Be careful with that self-esteem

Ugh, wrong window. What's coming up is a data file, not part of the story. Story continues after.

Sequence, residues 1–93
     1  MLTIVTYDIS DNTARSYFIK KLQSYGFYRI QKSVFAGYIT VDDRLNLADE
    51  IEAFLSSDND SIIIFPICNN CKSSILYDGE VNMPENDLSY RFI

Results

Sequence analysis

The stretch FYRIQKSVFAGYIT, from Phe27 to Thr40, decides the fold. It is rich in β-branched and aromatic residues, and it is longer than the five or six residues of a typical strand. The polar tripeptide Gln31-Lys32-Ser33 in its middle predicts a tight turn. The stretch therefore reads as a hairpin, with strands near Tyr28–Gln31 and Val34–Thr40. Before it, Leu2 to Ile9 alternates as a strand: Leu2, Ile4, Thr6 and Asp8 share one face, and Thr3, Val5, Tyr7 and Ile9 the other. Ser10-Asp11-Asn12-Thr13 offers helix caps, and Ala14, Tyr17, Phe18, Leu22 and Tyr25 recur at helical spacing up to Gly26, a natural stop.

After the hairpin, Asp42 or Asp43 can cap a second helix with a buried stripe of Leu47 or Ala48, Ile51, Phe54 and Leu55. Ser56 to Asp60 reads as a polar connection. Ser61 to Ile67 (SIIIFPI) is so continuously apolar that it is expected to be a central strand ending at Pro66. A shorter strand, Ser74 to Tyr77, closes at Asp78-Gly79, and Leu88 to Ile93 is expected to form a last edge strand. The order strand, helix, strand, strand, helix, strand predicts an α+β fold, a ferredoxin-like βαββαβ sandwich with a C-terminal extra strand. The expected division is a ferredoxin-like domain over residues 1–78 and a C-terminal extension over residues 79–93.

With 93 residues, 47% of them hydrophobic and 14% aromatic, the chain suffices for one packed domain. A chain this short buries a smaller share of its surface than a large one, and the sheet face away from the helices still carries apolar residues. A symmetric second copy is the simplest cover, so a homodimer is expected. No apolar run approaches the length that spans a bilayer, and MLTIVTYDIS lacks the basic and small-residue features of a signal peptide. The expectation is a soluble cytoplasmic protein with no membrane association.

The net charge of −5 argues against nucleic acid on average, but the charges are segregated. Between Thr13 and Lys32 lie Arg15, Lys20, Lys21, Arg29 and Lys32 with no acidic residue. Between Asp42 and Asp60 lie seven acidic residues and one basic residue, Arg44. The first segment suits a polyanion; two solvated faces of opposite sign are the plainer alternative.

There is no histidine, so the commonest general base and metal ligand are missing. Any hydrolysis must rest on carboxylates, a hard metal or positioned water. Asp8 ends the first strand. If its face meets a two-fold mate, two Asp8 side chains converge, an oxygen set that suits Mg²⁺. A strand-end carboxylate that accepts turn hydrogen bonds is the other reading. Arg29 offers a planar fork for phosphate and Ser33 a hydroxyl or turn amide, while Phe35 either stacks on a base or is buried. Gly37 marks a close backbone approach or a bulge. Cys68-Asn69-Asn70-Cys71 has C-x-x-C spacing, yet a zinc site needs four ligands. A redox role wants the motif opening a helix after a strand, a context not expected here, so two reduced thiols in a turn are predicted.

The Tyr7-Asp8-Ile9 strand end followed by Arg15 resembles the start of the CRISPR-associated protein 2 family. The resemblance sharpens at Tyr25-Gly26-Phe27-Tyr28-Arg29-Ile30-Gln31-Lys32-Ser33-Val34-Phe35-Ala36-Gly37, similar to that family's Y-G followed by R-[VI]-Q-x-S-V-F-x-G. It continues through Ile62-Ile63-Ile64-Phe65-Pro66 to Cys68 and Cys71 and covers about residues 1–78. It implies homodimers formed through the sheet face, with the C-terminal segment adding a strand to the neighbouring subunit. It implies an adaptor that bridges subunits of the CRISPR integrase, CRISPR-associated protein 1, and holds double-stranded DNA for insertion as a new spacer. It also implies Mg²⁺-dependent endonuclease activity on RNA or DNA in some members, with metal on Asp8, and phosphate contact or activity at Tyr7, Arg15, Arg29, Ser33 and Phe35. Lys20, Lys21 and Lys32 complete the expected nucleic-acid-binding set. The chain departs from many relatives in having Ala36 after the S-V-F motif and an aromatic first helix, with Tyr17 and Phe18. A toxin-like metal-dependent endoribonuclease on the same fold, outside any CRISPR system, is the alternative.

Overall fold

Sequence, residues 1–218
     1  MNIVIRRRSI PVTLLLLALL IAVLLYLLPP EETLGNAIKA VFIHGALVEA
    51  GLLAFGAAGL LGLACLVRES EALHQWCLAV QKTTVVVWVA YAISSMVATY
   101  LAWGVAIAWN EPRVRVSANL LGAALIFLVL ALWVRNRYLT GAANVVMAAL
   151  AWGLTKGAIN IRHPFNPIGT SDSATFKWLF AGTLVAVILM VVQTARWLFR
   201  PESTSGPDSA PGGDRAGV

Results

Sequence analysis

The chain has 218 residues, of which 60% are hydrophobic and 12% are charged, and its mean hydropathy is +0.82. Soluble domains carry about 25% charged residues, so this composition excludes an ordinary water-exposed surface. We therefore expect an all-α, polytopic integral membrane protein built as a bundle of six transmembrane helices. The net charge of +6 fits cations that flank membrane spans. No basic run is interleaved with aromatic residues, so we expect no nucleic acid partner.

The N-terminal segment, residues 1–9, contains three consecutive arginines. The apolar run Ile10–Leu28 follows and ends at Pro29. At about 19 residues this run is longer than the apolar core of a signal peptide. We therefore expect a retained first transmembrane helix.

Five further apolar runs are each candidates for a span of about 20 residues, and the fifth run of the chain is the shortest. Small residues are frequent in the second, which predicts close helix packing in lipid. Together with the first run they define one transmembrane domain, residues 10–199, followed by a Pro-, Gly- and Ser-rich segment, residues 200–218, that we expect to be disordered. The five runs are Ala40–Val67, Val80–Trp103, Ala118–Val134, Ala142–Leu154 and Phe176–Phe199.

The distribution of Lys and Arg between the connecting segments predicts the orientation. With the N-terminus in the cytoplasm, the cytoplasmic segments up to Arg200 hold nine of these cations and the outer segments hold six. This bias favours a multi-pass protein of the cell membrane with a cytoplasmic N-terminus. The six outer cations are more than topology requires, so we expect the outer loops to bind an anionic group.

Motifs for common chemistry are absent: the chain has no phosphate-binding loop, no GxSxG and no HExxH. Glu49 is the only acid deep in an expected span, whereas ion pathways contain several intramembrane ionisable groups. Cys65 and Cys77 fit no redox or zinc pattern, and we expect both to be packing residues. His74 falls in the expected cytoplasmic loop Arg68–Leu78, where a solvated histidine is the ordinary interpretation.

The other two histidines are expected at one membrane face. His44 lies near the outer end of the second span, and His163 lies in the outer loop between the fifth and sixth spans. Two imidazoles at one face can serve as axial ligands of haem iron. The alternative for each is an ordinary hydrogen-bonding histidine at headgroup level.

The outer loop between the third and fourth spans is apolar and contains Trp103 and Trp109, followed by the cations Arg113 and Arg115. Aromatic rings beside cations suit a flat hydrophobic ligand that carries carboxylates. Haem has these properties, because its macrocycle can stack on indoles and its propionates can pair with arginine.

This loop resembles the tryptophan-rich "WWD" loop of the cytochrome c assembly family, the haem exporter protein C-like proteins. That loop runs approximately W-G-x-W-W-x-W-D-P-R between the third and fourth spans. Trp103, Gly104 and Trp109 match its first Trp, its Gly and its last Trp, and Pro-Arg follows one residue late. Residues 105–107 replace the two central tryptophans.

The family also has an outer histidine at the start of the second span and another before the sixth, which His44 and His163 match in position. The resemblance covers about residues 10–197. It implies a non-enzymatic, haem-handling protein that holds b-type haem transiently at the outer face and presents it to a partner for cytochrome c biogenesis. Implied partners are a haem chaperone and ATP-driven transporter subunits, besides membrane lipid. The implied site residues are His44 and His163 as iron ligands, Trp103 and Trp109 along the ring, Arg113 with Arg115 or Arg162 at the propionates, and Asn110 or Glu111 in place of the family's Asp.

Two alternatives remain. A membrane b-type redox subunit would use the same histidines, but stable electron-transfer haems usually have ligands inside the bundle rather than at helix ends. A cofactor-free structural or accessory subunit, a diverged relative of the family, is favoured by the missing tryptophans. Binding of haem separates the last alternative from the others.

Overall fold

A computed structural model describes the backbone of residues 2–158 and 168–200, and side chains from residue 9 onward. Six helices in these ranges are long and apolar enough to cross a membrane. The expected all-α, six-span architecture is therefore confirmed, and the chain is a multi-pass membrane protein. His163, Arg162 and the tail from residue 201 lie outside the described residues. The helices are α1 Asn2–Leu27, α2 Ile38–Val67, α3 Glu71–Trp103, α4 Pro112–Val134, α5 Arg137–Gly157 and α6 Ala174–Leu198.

Every morning an email drops into my inbox from a website called Quora www.quora.com. For those of you that haven't heard of it this is a site where people post questions and others answer those questions. I'm usually sent the questions posed by Americans regarding life in the UK and the answers are generally amusing so every day I have a read. The idea is that you click on the link in the email which takes you to the relevant question on the site and then if you want you can scroll down to see what other questions have been asked. This morning I did just that. I read the question 'My husband is getting a job offer in Great Britain. We are Indians and will be there...?', I read the answer and then I scrolled idly down to the next question which was something like 'At what point did you realise your marriage was over?'. I clicked on it just because the part of the answer I could read seemed to say the guy realised his marriage was over while on his honeymoon and I wondered how he could have got things so wrong. Unfortunately that was the point at which Ash walked into the room, saw what I was reading and instantly put 2 and 2 together making 5. Mayhem ensued but luckily I had a completely clear conscience and could explain very clearly what I'd been reading and why so things calmed down very quickly. This was though a salutary lesson on the importance of being open and honest, of not pretending about your feelings, of remembering that the confidence Ash once had in himself is no longer there. I really am looking forward to finishing work and spending more time with him. I have plans (not all of which revolve around coffee with friends) and I have talked about those plans a lot. The funny thing is that I thought he wasn't interested or even listening but I was wrong. When I told him how much I was looking forward to having more time for us he said 'that's what I thought' and that's why he was so horror struck by what he thought was happening this morning. Many people struggle with emotions when living a life affected by dementia but this really did show me how important acceptance is. If you can accept the situation and the person your loved one is turning in to you won't have to pretend that it's all something it's not. If you do pretend you can be assured that they will know.
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